Anthropometrical measurements and androgen levels in males, females, and hormonally untreated female-to-male transsexuals

Arch Sex Behav. 1997 Apr;26(2):143-57. doi: 10.1023/a:1024506427497.


To elucidate the relationship between body build, androgens, and transsexual gender identity, anthropometric measurements were assessed in 15 hormonally untreated female-to-male-transsexuals (FMT). Nineteen healthy women (CF) (X = 22 years; 2 months), and 21 healthy men (CM) (X = 23; 7) were enrolled as controls. Baseline levels of testosterone (T; ng/dl), androstenedione (A4; ng/dl), dehydroepiandrosterone sulfate (DHEAS; ng/ml), and sex-hormone binding globulin (SHBG; microgram/ml) were assessed in 12 FMT, 15 CF, and in all CM. No control was under hormonal medication (including contraceptives). Absolute measurements in FMT were in accordance with their biological sex: they showed only small differences from the CF. However, FMT differed from CF in 7 of 14 sex-dimorphic indices of masculinity/femininity in body build. Of these 14 indices, 9 did not show a difference between FMT and CM. Hence, FMT presented a more masculine body build, particularly in fat distribution and bone proportions. Levels of T and A4 were significantly higher in FMT than in CF (T: 54.0 +/- 13.8 vs. 41.1 +/- 12.8; A4: 244.8 +/- 73.0 vs. 190.5 +/- 49.3), while DHEAS was higher in CM (3335 +/- 951) than in CF (2333 +/- 793) and in FMT (2679 +/- 1089). Altogether, 83.3% of FMT and 33.3% of CF were above normal values for at least one measured androgen. SHBG in FMT (1.21 +/- 0.70) and CF (1.87 +/- 0.91) was higher than in CM (0.49 +/- 0.18) and tended to be higher in CF than in FMT. Unbound T (T/SHBG ratio) was higher in FMT (72.0 +/- 67.6) than in CF (26.4 +/- 15.1) and correlated positively with manly body shape. Findings are discussed in relation to etiology of transsexualism.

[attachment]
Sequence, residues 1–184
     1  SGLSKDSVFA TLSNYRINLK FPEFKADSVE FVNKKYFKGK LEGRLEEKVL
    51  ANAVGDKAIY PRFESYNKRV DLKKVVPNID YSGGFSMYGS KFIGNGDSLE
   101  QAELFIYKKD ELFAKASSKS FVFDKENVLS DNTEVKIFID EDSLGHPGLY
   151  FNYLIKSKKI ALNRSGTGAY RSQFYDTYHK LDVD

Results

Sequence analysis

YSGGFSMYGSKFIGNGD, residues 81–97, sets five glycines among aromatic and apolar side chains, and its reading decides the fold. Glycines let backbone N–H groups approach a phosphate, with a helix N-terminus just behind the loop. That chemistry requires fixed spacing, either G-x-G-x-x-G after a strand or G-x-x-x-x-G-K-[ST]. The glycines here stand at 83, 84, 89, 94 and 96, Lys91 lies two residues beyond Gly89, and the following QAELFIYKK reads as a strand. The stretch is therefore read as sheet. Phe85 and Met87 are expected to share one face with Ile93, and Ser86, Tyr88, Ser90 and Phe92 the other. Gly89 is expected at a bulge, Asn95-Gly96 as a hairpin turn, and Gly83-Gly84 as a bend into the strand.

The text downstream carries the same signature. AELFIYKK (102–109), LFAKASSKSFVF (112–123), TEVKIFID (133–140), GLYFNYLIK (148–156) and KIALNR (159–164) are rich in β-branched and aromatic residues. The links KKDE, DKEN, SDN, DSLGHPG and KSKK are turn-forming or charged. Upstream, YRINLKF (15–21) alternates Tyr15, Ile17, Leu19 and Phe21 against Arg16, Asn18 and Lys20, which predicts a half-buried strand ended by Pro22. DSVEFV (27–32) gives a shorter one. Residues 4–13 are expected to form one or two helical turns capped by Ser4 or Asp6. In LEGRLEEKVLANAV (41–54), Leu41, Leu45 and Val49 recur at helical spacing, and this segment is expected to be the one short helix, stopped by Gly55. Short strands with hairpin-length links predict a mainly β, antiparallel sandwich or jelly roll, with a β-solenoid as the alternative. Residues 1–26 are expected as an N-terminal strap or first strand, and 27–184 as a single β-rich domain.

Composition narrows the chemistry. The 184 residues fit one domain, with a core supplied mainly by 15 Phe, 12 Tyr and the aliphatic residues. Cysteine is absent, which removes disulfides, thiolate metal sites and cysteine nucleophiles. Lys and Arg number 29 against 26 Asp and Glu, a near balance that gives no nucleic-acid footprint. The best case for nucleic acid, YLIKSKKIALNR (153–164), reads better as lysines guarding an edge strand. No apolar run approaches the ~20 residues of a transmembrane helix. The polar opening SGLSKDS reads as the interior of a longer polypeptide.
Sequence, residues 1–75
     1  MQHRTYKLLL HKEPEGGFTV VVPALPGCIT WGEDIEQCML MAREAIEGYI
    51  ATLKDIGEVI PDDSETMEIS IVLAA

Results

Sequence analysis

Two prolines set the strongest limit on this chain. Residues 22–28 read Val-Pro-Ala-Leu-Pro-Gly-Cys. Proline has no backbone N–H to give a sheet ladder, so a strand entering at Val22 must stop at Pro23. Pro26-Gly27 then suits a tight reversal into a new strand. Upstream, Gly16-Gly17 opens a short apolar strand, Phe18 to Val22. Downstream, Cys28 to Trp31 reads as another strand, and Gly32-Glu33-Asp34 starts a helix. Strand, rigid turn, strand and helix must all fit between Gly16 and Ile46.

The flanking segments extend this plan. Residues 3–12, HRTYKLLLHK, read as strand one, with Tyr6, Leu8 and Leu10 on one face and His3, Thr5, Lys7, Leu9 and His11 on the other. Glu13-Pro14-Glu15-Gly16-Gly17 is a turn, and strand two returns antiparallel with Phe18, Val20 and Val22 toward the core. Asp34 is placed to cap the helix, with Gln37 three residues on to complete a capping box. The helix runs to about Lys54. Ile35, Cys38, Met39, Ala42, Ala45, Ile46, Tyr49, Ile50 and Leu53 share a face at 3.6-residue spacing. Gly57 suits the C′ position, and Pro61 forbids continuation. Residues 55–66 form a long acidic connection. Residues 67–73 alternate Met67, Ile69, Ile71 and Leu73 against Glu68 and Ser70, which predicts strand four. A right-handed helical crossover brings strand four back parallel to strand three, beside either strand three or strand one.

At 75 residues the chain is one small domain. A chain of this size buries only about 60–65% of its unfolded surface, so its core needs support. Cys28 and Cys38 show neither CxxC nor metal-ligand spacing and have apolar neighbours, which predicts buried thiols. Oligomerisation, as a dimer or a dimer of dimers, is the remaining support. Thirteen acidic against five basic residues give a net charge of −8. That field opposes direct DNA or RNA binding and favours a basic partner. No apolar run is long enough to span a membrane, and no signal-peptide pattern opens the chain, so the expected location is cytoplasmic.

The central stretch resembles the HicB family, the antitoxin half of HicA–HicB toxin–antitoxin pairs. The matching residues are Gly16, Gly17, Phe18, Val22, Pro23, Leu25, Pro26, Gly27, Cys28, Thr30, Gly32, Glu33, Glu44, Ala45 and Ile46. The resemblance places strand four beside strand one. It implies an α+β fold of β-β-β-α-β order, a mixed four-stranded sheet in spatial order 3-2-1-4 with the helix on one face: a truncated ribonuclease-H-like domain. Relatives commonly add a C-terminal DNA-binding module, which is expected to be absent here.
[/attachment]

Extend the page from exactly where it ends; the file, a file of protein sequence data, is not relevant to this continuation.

Publication types

  • Comparative Study

MeSH terms

  • Adult
  • Androgens / blood*
  • Anthropometry*
  • Female
  • Humans
  • Male
  • Retrospective Studies
  • Statistics, Nonparametric
  • Transsexualism*


  • Androgens